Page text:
Visibility assessments prepared by the RPO: Mid-Atlantic/Northeast Visibility Union (MANE-VU) determined that for the initial Regional Haze SIPs, ammonium sulfate was the largest contributor to visibility impairment at Class I areas and reduction of sulfur dioxide (SO2) emissions is the most effective means of reducing ammonium sulfate. As such, the majority of the focus with regard to existing and planned emission controls pertains to the largest sources of SO2 emissions. These sources consist of electric generating units (EGUs) and large industrial boilers. Hence, MANE-VU's long term strategy to reduce SO2 to improve visibility prior to 2018 includes:
On September 25, 2008 Delaware submitted it's "Delaware Visibility State Implementation Plan" (regional haze SIP) to EPA to comply with the 2018 MANE-VU strategy. Many of the EGUs and large industrial boilers within Delaware have committed to and have installed controls through a number of mechanisms, including Delaware's multi-pollutant regulation, federally enforceable permits, and state and federal consent agreements. Reductions associated with many of these mechanisms were used to estimate the 2018 visibility improvements at the Brigantine Wilderness Class I area in New Jersey. However, since Delaware submitted its initial regional haze SIP in 2008, additional regulations and actions have been imposed which will reduce visibility impairing pollutants. Moreover, as recently as the summer of 2012, several large EGUs have announced plans to either shutdown sources or curtail emissions by converting to natural gas, leading to even more significant reductions in SO2 emissions. As this report will show, these additional mandates will help ensure that the reasonable progress goals are attained well before 2018.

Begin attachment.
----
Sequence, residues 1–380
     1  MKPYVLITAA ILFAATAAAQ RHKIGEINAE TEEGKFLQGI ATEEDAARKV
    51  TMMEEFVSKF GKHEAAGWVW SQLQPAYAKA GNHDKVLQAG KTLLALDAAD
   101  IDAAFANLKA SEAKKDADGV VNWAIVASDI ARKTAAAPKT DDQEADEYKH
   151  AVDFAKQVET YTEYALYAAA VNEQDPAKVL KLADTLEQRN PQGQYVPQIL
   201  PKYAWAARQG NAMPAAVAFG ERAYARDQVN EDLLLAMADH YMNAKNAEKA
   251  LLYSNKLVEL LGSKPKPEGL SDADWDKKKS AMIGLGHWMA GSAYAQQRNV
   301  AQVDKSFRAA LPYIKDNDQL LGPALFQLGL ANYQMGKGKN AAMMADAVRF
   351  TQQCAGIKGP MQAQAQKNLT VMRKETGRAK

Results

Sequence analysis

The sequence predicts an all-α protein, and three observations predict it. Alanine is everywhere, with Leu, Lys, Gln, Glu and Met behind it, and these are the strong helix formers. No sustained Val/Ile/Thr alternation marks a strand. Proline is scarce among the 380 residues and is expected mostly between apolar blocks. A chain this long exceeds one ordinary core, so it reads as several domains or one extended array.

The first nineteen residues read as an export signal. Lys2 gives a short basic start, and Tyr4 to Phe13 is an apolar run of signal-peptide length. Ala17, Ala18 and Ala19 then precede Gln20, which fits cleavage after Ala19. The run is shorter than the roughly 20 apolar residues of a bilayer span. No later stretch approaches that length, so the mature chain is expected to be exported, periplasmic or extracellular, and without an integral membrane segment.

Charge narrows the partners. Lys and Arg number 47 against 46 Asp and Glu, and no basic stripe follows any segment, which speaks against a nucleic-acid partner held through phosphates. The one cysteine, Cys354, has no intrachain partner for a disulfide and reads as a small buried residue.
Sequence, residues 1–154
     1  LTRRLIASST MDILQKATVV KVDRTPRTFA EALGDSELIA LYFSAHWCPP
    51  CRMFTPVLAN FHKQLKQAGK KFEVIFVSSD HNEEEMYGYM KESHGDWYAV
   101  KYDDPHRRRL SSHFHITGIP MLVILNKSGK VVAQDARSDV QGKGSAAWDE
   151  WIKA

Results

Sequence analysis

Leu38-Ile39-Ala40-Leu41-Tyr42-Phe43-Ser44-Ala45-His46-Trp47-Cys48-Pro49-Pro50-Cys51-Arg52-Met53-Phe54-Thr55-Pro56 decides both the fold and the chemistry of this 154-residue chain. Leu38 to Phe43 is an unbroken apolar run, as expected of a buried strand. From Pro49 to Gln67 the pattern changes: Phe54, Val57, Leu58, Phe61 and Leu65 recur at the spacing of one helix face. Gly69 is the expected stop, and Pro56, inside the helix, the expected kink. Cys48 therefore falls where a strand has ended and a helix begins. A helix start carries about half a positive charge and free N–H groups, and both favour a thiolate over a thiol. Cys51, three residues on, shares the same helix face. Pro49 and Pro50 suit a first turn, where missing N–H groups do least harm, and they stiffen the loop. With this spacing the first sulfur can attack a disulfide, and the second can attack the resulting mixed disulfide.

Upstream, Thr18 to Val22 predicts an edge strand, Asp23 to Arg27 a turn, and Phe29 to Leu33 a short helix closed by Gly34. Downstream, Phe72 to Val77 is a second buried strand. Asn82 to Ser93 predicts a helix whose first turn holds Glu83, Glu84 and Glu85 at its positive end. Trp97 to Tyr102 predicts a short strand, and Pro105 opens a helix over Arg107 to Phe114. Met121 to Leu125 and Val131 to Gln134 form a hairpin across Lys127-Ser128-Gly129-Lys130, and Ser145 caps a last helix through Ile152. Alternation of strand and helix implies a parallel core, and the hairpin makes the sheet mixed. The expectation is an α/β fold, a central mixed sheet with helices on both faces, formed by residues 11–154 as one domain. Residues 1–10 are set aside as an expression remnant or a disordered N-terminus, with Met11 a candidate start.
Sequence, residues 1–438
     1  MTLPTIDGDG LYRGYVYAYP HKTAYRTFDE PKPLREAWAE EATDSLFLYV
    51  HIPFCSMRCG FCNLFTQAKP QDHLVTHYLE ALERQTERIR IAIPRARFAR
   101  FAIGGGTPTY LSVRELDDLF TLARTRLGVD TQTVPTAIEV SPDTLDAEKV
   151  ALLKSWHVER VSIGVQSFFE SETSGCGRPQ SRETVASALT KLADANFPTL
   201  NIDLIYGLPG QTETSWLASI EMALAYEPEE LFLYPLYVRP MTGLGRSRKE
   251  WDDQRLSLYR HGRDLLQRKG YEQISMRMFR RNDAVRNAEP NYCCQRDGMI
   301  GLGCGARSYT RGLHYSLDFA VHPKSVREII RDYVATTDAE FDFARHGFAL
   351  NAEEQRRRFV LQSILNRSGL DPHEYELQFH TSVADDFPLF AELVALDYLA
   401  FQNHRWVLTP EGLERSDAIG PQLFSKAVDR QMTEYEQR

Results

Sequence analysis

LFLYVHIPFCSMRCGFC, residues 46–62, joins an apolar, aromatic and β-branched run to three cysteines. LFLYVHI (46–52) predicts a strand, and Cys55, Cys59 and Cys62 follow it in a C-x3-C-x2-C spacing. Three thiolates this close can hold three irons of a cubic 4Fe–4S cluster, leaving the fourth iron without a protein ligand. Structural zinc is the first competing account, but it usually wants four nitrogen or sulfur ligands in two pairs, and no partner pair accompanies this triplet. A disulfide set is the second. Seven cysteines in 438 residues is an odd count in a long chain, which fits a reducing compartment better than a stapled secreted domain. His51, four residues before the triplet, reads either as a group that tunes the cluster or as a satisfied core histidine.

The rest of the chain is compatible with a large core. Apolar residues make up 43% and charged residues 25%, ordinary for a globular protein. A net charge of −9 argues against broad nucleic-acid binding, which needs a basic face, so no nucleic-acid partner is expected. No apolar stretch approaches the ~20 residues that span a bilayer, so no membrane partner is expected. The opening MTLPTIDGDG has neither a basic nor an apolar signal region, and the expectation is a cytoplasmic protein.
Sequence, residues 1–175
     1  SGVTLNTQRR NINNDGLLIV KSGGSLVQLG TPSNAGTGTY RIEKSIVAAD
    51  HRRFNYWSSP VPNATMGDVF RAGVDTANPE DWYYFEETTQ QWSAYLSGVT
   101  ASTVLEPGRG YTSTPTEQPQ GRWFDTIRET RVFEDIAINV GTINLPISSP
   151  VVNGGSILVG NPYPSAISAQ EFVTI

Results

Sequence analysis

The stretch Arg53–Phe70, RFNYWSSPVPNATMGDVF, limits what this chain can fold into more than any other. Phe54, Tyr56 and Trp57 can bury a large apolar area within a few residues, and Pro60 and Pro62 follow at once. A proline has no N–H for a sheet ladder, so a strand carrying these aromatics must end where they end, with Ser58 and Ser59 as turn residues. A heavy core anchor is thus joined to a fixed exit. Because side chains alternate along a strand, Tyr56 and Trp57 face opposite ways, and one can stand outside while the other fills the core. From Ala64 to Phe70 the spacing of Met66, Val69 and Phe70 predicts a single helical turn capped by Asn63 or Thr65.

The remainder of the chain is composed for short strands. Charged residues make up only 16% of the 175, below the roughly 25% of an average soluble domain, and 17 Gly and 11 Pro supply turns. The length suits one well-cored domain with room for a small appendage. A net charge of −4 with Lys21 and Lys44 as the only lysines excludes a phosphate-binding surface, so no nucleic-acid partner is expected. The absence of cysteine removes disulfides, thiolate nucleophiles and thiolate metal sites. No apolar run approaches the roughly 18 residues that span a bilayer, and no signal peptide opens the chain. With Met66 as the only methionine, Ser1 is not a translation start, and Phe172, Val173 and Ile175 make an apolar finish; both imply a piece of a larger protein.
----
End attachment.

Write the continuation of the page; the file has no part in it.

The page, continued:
Section 308(g) of the RHR also requires each state to report on progress in improving visibility five (5) years after submitting the initial SIP. Known as "5-Year Progress Reports" (Report), they must be in the form of SIP revisions that comply with the procedural requirements of the United States Clean Air Act, as amended. This Report fulfills the requirements of 40 CFR 51.308(g) requiring periodic reports evaluating progress in implementing the measures included in Delaware's 2008 SIP. This document also fulfills the requirements of 40 CFR Part 51.308(h), 308(i), and 40 CFR 51 Parts 102 and 103.
It is for these reasons that the Delaware Department of Natural Resources and Environmental Control (DNREC) submits a negative declaration to EPA, specifying that the Delaware 2008 Visibility State Implementation Plan is sufficient for meeting the requirements outlined in the RHR. Furthermore, no additional controls are necessary, based on this first Report.